There are many opportunities during this crisis to check in online and stream videotaped performances of classical live shows. Supposedly this gives us a chance to see great actors and actresses in action – as if we were actually there - but I find myself hesitant to tune in.
Movies and television have never given me the joy that I recall from being there, in person, when great theater is happening. On the screen, shows feel manufactured to me and, even though I am often moved to laughter or tears, they hardly ever satisfy my hunger for live performances.
I can recall witnessing moments in theater that haunt me to this day. I am a child of the last century and my first experience of live theater was when I was 9 years old and the Gilbert & Sullivan operetta “Iolanthe” changed my life. However, that is another story and, for now, let me share just one of these remembrances.
THE ENTERTAINER (Broadway 1958) .
Laurence Olivier portrayed Archie Rice, a second-rate song and dance man in British Music Hall, in this play by John Osborne, directed by Tony Richardson. The show with its corny songs was engrossing, the audience silently attentive, all delighting in seeing the great Olivier bawdily singing and dancing.
In one scene, Archie admits to his daughter Jean that he is aware of his mediocrity having once witnessed a great performance in the American South. It was a black woman, a great blues singer (Bessie Smith?), and at that moment he realized the difference between schlock and genius.
It’s a family drama with three generations in conflict over loyalties, infidelities and past hurts. Meanwhile, his youngest son Mick, who is overseas in the army, is reportedly a prisoner of war while negotiations are underway for his release. Then suddenly the play turned, the mood, the suspension of disbelief shattered when Archie’s eldest son Frank ran into the theatre and down the aisle gasping and raging, “They killed him. Mick’s dead! The bastards killed him!”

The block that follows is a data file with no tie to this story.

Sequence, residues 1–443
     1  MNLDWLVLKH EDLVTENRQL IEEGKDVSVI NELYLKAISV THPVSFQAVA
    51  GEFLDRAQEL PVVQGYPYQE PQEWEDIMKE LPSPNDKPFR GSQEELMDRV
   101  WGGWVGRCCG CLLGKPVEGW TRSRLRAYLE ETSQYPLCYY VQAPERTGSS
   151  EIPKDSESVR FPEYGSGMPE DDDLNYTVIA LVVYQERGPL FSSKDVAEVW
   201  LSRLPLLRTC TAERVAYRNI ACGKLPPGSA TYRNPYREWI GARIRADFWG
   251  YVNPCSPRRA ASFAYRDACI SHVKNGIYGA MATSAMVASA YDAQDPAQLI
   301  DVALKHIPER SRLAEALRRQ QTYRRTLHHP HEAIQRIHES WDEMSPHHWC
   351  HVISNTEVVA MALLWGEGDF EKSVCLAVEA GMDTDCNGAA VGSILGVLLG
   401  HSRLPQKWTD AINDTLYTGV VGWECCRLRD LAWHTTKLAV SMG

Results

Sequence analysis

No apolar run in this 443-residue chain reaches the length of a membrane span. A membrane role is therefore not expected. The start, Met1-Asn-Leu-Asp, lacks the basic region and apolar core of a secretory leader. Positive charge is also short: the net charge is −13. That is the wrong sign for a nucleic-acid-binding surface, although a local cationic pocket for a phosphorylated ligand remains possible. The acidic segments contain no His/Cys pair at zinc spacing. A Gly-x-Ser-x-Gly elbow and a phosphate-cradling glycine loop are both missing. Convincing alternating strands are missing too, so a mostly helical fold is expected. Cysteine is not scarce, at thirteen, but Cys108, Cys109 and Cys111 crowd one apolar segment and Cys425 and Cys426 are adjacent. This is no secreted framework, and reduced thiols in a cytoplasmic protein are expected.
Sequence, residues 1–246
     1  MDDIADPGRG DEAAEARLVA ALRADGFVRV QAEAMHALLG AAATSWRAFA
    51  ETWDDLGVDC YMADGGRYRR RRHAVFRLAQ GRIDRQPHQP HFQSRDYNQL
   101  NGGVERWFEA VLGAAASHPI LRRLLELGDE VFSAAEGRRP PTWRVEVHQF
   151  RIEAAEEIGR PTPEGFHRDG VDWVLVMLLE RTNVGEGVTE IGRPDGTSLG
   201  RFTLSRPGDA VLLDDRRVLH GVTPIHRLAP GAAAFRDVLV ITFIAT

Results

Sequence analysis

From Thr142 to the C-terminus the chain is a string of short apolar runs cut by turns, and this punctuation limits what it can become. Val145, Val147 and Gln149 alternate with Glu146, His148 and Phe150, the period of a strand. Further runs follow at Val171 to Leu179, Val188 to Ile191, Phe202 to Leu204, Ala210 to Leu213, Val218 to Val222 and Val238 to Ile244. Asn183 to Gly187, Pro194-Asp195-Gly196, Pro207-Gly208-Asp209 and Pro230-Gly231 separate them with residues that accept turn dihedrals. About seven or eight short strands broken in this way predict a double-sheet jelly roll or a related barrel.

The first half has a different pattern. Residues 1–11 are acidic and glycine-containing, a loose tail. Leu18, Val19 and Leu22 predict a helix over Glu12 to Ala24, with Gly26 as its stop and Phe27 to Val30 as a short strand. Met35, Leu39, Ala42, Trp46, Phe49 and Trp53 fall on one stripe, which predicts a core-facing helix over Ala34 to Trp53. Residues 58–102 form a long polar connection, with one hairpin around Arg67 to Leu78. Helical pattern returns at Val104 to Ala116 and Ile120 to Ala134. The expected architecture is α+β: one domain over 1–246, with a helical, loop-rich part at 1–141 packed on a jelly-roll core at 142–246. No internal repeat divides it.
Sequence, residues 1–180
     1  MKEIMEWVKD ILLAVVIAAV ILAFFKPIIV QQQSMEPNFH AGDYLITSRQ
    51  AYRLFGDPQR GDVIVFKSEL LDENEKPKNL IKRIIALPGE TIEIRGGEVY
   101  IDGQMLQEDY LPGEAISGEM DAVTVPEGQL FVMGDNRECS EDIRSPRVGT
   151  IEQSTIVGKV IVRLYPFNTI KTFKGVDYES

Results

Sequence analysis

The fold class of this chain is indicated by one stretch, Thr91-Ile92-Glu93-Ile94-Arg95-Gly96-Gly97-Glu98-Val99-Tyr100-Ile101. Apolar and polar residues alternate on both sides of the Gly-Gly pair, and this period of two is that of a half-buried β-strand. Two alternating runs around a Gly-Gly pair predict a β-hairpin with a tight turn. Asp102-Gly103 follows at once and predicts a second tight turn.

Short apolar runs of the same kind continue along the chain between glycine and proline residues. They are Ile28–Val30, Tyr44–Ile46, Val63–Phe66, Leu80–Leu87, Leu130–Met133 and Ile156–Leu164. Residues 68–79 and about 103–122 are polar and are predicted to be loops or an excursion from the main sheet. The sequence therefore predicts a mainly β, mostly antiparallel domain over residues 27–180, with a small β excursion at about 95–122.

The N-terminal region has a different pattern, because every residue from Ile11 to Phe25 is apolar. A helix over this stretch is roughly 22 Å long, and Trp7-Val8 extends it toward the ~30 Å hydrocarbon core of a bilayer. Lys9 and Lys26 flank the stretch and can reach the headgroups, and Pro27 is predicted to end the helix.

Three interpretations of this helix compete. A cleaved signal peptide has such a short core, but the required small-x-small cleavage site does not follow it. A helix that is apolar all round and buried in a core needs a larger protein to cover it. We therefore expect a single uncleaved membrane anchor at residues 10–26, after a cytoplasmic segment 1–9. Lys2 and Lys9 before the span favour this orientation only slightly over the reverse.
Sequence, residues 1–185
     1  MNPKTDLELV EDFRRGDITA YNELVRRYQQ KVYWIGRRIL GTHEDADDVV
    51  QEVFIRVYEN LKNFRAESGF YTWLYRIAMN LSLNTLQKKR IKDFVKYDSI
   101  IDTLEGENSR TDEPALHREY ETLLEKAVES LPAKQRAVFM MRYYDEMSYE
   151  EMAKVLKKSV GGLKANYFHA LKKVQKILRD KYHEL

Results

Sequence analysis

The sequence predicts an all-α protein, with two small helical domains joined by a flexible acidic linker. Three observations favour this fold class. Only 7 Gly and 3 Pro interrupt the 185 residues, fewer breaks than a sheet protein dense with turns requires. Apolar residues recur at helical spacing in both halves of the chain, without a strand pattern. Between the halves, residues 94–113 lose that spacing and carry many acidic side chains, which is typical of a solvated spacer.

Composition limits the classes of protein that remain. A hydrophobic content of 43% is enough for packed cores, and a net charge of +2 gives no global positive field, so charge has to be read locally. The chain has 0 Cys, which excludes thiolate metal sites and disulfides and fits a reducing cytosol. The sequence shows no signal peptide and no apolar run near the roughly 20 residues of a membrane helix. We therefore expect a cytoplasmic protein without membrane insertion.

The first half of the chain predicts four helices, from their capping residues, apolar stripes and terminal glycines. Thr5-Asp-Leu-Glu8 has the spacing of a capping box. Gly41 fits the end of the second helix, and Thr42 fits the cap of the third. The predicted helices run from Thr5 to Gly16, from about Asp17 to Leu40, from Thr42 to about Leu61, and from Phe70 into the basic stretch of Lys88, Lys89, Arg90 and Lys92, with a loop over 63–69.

Silence. The horror was too real. The audience stricken. And then Olivier, overcome with pain, staggered to the proscenium, grasped at the carved wooden frame and, in a voice redolent of a glorious black singer long dead, he sang the blues! Sang with the deep throaty magic of a great lost woman whose pain was in her voice.
That is live theater! No movie screen could ever capture the power of that event that has stayed with me for over 60 years.
Other scenes in live theater that are etched forever in my mind include Fredric March in Eugene O’Neill’s “Long Day’s Journey Into Night” 1956; Elizabeth Bergner in Romain Gary’s “First Love” 1961; Ralph Fiennes in Brian Friel’s “Faith Healer” 2006; Godfrey Cambridge in Ossie Davis’ “Purlie Victorious” 1962, John Shea in Arthur Kopit’s “End of the World” 1984, and Richard Burton in “Hamlet” 1964, directed by John Gielgud (available on DVD)
If you are interested in hearing about any of these Great Moments in Live Theater in future columns please email me at firstname.lastname@example.org
GWEN VAN DAM: Loved your article re Theater...it's so true. I have indelible memories of great performances too, that have remained in my mind & have inspired me from the beginning. Some are: Gertrude Lawrence in "Tonight at 8:30", Julie Harris in "Member of the Wedding", Jason Robards, Jr. in "Long Day's Journey into Night", Ruth Draper(I was a child but I remember her), Kim Stanley in "Travelin' Lady", Geraldine Page in "Summer and Smoke", etc. So wonderful! Thanks for reminding me of them & others.
KAREN HEBERT: Brillant article Morna. Makes me want to go to the theatre!
CHRISTINE DIXON: Wow! Oh Momma, this is a fabulous column! I was moved to tears as "Frank ran in saying Mick's dead." I was able to see all of your words play out in my mind, which is a gift of a truly great writer. Thank you so much for sharing this wonderful work with me. Also, the details of a throaty Blues singer. I could hear the pain in my ears.